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Opinion
Nathan Esquenazi

We're Teaching Coding All Wrong

Budding computer scientists should learn to collaborate, not go it alone.

There’s no need to be solitary.

There’s no need to be solitary.

Photographer: Sean Gallup/Getty Images

Any tech breakthrough is almost always a joint effort. To add a single feature to an iPhone app, teams of front-end engineers, user experience designers and graphic designers must work with cyber security specialists, back-end developers and iOS developers — just for starters. That means that today’s best engineers are prodigious collaborators and communicators. And yet we still train too many prospective coders to work alone.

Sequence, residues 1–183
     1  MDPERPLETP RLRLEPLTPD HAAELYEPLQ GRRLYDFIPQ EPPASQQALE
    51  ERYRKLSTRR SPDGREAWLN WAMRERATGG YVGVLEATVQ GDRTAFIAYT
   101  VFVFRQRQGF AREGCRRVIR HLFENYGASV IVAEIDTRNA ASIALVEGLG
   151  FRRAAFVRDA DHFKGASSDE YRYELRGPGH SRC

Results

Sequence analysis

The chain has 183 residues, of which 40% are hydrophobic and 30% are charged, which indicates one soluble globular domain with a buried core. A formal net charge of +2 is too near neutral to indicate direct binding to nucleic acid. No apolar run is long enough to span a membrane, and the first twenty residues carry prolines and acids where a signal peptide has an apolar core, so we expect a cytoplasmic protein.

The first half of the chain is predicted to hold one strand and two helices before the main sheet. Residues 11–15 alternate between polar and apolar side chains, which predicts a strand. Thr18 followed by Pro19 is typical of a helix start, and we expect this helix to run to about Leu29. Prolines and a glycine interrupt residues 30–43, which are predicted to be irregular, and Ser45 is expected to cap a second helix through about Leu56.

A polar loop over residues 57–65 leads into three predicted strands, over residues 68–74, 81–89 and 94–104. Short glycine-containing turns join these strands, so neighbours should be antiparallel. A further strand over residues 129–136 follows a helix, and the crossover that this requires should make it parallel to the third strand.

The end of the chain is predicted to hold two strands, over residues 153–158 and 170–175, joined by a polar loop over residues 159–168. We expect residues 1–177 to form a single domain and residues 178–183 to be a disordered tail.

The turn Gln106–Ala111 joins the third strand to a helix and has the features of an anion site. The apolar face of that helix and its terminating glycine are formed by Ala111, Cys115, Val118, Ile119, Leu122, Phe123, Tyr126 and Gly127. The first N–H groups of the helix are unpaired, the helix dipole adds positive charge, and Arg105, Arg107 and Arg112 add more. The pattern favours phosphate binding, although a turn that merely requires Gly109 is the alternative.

From their first day in the classroom, computer science students are nudged to value individual successes over team victories. Most assignments are completed and submitted solo. While liberal arts majors are drilled in methods of communication, and vocational programs like business and medicine feature tons of group work, many computer science programs prize technical output over so-called “soft skills” like collaboration and communication. Conflict resolution and critical thinking get short shrift.